Jack Bartholet

January 27, 2019

Too often in cabaret, a performer will play it safe when it comes to repertoire, clothes, spoken content, or performance. In his new show, Lady with a Song, singer Jack Bartholet does anything but play it safe as he claims both the stage and his right to be a lady on it for an hour. He takes chances and he pushes boundaries, and for the most part he succeeds—splendidly. He commits fully to whatever he chooses to do comedically, dramatically, or politically. Utilizing his supple and strong tenor, he invests humorous material with abandon and a knowing wink, and he anchors the more serious numbers with remarkably naked emotion and expert storytelling.

The sheer variety of the material would be noteworthy even if it weren’t performed as well as it is here: there’s not an expected song in the show. Up-to-date with pieces by Perfume Genius (West Coast singer-songwriter Mike Hadreas), the London-based cabaret duo Bourgeois & Maurice, and Rufus Wainwright, Bartholet also has a sense of musical history, with some time-tripping back to Pete Seeger, Marlene Dietrich, and Ethel Merman. His patter (apart from a few opening night jitters and glitches) is smart and inviting, with funny reminiscences of family and childhood, touching stories of his wedding and marriage, and pointed and angry social comment. (He christens the last “caba-rage.”)

Perfume Genius’s “Slip Away” starts things slowly and seems little more than filler to get him to the stage. (The songwriter is much better served later on with a wonderfully touching “Normal Song.”) Things pick up immediately when Bartholet reaches the stage and jumps into the title song, an early Ethel Merman number by Roger Edens that is so winning that we’re with him from that moment on. “William’s Doll” (Sheldon Harnick, Mary Rodgers, from Free to Be You and Me) is a light-hearted introduction to a recurring theme: being oneself in the face of negativity from society, from friends, or from family. His joy at being himself and letting his talent fill the stage is clear throughout.

He finds unexpected emotional depth in Wainwright’s “Dinner at Eight.” “Picture of a Man” (Our Lady J) points to another side of his prodigious talent. His tenor takes on a steely edge as he fearlessly inhabits the gay Weimar classic “The Lavender Song” (Mischa Spoliansky, Kurt Schwabach, English lyric by Jeremy Lawrence), making the unspoken connections between 1920 Berlin and 2019 America blaze in his fiery performance. Perhaps even more daringly, in tribute to Marlene Dietrich he treats Seeger’s “Where Have All the Flowers Gone?” not as a museum piece, but as a vital reminder of the price of war. Cheryl Wheeler’s “If It Were Up to Me” is an electrifying climax to his “political” section. Unfortunately his closer, Lizzo’s “Coconut Oil” (co-written with Eric Frederic and Aaron Jennings), although set up to be a wildly funny bit, falls flat in the same way as the opening number; he recovers in the same way, with (a reprise of) the delightful title song.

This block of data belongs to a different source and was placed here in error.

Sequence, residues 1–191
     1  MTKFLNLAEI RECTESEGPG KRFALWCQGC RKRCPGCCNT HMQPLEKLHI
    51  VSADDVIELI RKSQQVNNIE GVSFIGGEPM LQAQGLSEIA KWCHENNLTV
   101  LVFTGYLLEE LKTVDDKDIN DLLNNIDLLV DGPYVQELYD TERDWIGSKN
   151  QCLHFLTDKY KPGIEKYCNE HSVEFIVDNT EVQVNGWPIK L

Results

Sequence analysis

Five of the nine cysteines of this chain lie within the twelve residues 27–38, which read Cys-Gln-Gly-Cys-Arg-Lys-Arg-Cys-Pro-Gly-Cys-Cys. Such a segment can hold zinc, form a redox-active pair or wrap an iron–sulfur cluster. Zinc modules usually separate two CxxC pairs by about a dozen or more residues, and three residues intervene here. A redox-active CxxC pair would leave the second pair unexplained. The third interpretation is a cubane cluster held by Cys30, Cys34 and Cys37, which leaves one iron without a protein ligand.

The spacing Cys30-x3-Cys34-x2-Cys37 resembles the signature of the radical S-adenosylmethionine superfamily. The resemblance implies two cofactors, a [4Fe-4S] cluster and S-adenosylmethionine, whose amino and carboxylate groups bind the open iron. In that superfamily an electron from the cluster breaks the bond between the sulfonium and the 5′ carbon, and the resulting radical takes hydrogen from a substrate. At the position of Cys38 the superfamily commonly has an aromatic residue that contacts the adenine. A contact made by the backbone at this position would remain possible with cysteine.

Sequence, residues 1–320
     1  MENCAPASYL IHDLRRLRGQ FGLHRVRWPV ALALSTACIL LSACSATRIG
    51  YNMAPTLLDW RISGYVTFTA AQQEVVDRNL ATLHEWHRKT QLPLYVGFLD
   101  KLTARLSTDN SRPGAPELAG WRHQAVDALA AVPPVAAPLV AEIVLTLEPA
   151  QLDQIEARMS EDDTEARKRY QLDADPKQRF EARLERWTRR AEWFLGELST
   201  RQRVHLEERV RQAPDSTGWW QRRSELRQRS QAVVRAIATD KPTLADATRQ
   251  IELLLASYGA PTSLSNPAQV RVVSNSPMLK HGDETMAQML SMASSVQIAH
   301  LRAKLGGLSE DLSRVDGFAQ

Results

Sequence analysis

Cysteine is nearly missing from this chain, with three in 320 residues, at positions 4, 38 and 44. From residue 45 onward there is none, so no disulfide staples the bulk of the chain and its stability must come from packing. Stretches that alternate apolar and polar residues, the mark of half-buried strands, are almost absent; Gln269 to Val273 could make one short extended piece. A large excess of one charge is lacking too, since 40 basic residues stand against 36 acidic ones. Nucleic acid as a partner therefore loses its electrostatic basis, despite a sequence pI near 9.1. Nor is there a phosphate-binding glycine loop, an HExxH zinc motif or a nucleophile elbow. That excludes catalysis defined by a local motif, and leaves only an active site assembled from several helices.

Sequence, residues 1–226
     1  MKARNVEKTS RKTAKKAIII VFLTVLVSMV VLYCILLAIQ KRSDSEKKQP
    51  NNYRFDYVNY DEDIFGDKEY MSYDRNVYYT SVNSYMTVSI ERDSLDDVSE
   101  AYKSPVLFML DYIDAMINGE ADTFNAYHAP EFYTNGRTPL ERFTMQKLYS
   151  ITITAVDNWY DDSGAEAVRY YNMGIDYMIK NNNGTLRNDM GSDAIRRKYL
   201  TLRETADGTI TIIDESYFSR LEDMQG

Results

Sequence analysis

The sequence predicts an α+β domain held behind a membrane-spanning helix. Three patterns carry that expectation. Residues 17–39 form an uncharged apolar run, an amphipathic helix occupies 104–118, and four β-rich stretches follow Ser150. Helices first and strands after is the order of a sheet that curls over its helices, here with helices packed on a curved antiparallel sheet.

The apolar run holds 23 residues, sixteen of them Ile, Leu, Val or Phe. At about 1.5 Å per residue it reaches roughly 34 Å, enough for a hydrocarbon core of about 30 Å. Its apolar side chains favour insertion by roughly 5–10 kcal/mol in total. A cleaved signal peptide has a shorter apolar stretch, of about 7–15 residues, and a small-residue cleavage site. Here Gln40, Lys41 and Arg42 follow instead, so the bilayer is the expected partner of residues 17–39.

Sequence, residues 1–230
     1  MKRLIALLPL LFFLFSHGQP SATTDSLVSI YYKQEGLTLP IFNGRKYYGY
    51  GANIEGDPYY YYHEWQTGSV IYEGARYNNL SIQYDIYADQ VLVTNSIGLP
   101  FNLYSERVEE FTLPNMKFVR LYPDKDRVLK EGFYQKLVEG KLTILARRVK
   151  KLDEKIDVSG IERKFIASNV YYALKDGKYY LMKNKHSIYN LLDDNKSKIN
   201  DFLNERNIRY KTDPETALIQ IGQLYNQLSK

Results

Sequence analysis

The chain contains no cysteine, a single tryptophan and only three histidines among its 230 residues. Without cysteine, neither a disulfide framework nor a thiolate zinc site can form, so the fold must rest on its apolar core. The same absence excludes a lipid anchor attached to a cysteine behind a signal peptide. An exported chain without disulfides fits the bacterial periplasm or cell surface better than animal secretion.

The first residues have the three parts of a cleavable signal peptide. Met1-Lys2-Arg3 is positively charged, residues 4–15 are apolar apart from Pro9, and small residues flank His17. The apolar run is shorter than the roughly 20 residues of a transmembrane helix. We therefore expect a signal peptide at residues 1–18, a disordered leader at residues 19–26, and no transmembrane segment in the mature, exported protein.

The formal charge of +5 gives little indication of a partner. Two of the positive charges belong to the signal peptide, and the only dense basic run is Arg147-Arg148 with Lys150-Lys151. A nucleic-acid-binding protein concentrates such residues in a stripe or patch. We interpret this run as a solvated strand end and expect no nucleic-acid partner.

Music director Yasuhiko Fukuoka has arranged the music perfectly; his empathetic playing is ably augmented by Danny Ori on bass, Simon Fishburn on drums, and Matilde Bernabei on guitar. Bernabei also contributes haunting background vocals. Director Julian Fleisher’s wit, style, smarts, and musical acumen are ever present. Lady with a Song deserves to be extended so that more people can discover Jack Bartholet and so that he can settle even more comfortably into what is already a remarkable show.

Lady with a Song
Pangea – January 17,19,25


About the Author

Gerry Geddes has conceived and directed a number of musical revues—including the Bistro- and MAC Award-winning "Monday in the Dark with George" and "Put On Your Saturday Suit-Words & Music by Jimmy Webb"—and directed many cabaret artists, including André De Shields, Helen Baldassare, Darius de Haas, and drag artist Julia Van Cartier. He directs "The David Drumgold Variety Show," currently in residence at Manhattan Movement & Arts Center, and has produced a number of recordings, including two Bistro-winning CDs. He’s taught vocal performance at The New School, NYU, and London’s Goldsmith’s College and continues to conduct private workshops and master classes. As a writer and critic, he has covered New York’s performing arts scene for over 40 years in both local and national publications; his lyrics have been sung by several cabaret and recording artists. Gerry is an artist in residence at Pangea, and a regular contributor to the podcast “Troubadours & Raconteurs.” He just completed a memoir of his life in NYC called “Didn’t I Ever Tell You This?”